Government's policies in connection with construction of sanctuaries that belong to different religions are unfair in many countries. This includes necessary permits and government grants or assistance to erect mosques and churches. This unfair practice is very old and a simple look at one set of data explains it all. According to Ottoman documents, there were 32 mosques and 13 churches in Mosul's urban area during 1892-1893. By 1894-1895, the mosques have increased by 97 to 129, meanwhile the churches increased by only 4 to 17 [6]. This happened despite the fact that the Christian population in Mosul region was still significant in the latter parts of the nineteenth century.

We have many warning signs for the rise of Islamists' threat in Iraq:


  • Many Assyrian Christian families throughout Iraq have received letters ordering their women to wear the Hijab (woman's veil) [7].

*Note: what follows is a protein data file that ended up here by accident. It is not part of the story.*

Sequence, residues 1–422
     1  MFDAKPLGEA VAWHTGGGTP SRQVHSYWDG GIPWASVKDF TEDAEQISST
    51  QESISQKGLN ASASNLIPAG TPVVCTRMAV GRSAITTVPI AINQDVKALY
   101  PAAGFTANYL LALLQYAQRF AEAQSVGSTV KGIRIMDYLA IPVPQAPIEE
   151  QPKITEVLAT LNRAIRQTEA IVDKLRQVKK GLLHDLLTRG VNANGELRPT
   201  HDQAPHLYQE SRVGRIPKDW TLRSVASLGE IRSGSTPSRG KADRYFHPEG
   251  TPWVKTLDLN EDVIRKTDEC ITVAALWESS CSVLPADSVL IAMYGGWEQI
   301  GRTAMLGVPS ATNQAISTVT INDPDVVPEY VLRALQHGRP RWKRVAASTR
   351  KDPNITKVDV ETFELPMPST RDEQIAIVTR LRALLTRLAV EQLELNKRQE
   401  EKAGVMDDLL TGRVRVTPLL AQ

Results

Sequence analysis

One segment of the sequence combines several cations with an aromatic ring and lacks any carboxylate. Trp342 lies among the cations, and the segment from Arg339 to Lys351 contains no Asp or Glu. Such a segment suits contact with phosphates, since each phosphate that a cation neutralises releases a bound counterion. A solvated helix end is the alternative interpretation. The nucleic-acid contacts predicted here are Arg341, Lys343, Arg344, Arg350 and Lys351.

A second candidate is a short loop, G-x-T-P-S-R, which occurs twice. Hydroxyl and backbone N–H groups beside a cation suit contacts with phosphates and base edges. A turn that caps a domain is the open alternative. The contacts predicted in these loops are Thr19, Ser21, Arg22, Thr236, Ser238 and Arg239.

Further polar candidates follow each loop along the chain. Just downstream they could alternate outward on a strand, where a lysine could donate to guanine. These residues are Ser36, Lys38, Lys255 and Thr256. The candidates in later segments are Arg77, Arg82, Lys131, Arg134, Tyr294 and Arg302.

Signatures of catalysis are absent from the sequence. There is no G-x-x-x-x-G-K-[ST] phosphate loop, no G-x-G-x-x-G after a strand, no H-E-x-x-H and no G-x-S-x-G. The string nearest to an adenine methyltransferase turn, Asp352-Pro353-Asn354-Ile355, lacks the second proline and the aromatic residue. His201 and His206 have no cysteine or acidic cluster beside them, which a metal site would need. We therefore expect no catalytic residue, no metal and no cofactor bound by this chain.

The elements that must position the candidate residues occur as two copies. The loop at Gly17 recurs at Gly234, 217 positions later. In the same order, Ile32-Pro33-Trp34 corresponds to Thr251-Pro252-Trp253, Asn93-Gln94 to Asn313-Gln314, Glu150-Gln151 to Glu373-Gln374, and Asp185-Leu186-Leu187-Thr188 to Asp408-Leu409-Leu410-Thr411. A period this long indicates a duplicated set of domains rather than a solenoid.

• The threatening of many Assyrians who owned liquor stores in southern and central Iraq to close their business [8].
  • The killing of Assyrians who own liquor stores in Basrah (southern Iraq) and Ramadi (central Iraq). Hundreds of Catholic Assyrian families have escaped the southern Iraqi city of Basra already and returned to the original villages of their forefathers in the Mosul (Nineveh) plain [9].
  • The killing of nuns and priests [10].
  • Attacks on Assyrian Christians while celebrating their traditional rituals, such as the recent attack on Assyrians celebrating Kaalu Sulaqa in Kirkuk [11].
  • Attack and intimidate of Christian communities throughout Iraq [12].
  • Attack churches in north of Iraq using machine guns and plant bombs in schools run by churches in Mosul [13].